The first two chapters of the dissertation address public health crises: cholera and the shocking reports of abuse at the Kingston Insane Asylum. Together, these chapters build on the work of Catherine Hall and Diana Paton, who have argued that humanitarian reforms in Britain often became distorted in the post-emancipation and colonial context of Jamaica (Catherine Hall, Civilising Subjects: Metropole and Colony in the British Imagination, 1830-1867. Chicago: University of Chicago Press, 2002; and Diana Paton, No Bond But the Law: Punishment, Race, and Gender in Jamaican State Formation, 1780-1870. London and Durham: Duke University Press, 2004). Fryar vividly describes the devastation of the cholera epidemic on the island while also comparing it to other outbreaks in the empire and elsewhere. The Colonial Office sent financial aid and advice to the Jamaican government, and they also deployed three physicians to the British West Indies, including the Scotsman Gavin Milroy, who wound up in Jamaica. Fryar focuses on Milroy’s public and private reports in which, she argues, “sanitary prescriptions” combined with “moral sermonizing” about black Jamaicans’ perceived idleness, uncleanliness, and immorality (p. 37). Discussions of cholera and how to manage future outbreaks became critiques of the “ruinous transition to emancipation” (p. 70). As Fryar concludes, “What would keep cholera at bay was the same thing that would cure Jamaica’s economic woes: the creation of a class of docile, hard-working, married, healthy, clean, and otherwise morally upstanding plantation laborers” (p. 72).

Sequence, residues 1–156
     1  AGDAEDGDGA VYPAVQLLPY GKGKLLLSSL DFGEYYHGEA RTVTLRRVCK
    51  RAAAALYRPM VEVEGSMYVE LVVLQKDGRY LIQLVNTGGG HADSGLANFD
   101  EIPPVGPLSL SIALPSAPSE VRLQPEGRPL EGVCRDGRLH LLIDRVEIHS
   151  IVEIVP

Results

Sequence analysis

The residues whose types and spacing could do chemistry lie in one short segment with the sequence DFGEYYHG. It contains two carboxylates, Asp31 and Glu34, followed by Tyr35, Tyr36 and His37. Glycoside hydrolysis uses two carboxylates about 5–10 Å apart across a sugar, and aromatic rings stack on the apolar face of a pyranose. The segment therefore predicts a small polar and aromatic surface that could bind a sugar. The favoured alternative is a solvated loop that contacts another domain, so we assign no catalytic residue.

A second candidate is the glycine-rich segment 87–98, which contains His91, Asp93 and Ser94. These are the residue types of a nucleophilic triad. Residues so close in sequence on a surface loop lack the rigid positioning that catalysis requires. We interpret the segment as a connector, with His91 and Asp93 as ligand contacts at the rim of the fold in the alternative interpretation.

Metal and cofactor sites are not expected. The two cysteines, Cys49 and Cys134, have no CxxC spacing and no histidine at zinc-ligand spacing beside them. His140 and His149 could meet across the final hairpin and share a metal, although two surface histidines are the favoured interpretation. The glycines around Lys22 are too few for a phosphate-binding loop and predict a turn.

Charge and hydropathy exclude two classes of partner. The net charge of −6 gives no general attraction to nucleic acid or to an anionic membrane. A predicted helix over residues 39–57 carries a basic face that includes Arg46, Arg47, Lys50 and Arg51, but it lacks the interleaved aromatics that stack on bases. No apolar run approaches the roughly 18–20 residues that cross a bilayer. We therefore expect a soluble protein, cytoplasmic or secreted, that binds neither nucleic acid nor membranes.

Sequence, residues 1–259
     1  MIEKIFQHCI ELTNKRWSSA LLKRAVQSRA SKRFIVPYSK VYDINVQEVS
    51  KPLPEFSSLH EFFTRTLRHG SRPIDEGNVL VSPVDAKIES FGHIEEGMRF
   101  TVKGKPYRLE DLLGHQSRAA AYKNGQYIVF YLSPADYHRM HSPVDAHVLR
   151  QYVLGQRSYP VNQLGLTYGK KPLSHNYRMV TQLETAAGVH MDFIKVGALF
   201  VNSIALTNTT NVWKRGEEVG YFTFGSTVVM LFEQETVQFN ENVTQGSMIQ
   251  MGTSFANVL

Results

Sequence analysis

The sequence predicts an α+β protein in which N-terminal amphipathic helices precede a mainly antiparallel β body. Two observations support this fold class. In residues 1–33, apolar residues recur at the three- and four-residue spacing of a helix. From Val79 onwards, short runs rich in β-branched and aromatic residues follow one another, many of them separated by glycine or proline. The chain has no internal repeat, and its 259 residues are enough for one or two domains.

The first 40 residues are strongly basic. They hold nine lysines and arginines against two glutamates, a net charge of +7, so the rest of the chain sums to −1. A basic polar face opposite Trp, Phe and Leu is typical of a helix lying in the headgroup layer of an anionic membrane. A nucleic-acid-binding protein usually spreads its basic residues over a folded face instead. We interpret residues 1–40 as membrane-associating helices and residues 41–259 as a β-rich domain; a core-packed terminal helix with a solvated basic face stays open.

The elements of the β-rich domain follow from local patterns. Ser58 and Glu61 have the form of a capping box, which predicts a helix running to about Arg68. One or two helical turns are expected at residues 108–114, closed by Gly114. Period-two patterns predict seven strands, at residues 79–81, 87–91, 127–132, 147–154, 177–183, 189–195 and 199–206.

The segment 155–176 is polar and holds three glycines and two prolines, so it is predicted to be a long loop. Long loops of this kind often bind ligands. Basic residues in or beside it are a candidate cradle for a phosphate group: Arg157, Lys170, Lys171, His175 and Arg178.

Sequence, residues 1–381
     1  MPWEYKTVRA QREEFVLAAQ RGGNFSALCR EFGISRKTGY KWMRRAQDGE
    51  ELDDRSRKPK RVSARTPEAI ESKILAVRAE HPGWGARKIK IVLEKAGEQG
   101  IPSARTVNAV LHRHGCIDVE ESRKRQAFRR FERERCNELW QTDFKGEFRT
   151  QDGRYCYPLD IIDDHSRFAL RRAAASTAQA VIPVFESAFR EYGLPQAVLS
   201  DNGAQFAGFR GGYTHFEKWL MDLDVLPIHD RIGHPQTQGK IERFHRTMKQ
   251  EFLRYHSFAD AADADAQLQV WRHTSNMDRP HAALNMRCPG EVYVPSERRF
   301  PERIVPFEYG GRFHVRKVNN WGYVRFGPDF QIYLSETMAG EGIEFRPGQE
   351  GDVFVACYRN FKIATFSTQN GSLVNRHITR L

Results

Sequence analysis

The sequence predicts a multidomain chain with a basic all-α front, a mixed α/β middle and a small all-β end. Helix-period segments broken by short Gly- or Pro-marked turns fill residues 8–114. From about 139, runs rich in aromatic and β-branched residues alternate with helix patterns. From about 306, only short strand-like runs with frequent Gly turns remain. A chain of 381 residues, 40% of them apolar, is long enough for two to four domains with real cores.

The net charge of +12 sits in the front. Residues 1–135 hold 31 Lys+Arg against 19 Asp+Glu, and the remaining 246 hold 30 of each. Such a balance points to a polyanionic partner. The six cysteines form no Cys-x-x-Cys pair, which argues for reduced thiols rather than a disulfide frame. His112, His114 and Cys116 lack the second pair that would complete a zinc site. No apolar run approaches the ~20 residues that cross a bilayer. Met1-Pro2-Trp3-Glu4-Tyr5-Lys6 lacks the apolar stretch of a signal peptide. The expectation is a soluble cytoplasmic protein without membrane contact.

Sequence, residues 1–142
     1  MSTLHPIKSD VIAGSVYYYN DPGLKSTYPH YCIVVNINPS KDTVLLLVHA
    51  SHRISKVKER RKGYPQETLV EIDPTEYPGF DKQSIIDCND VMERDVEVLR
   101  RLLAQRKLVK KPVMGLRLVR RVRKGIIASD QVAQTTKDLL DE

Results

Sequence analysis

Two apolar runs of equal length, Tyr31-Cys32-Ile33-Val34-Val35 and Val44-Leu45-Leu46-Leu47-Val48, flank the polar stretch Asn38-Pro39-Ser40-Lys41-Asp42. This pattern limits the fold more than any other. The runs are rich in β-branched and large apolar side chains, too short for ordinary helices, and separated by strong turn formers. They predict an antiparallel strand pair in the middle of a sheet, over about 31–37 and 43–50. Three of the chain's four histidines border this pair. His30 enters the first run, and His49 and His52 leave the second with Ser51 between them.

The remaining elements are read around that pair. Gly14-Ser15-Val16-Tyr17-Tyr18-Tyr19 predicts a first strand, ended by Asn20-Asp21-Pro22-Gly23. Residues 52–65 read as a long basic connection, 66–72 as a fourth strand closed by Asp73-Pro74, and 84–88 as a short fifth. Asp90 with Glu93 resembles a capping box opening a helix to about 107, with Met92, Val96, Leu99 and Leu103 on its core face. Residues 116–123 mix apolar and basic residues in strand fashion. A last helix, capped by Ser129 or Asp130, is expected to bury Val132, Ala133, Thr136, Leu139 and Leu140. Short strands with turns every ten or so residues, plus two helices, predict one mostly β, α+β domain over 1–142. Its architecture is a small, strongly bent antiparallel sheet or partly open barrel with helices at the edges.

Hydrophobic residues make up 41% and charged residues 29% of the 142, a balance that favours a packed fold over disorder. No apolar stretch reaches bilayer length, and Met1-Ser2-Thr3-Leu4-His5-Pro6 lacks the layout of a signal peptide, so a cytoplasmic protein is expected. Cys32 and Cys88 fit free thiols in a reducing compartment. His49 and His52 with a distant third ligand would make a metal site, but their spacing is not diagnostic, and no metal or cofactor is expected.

The second chapter narrates a fascinating public debate about the scandalous mistreatment of patients at the Kingston Insane Asylum. Led by Lewis Bowerbank, a white Jamaican-born physician, some Jamaicans published exposes on the conditions of those held in the asylum, and they argued that the institution was in violation of modern reforms. The critics included an ex-inmate of the asylum, a colored woman named Ann Pratt, and a former warden. On the other side, the institution’s defenders included the lead surgeon at the hospital and asylum, James Scott, and the Governor, Sir Charles Henry Darling. The scandal began in Jamaica but moved to England when Bowerbank went to seek out allies in the British reform movement, and his complaints also made their way into the Colonial Office. While the controversy itself resulted in a trial and an acquittal of the accused matron and other attendants, Fryar uses the scandal to uncover other issues as well. She shows how the Jamaicans who protested the asylum’s conditions believed in “metropolitan fairness” throughout the crisis as they appealed to British reformers and colonial officials to address the asylum’s problems (p. 145). It also shows how some colonial officials, including Scott and Governor Darling, believed that the high standards of humanitarian treatment expected in Britain could not be applied to a colonial context in an institution primarily serving black and colored people.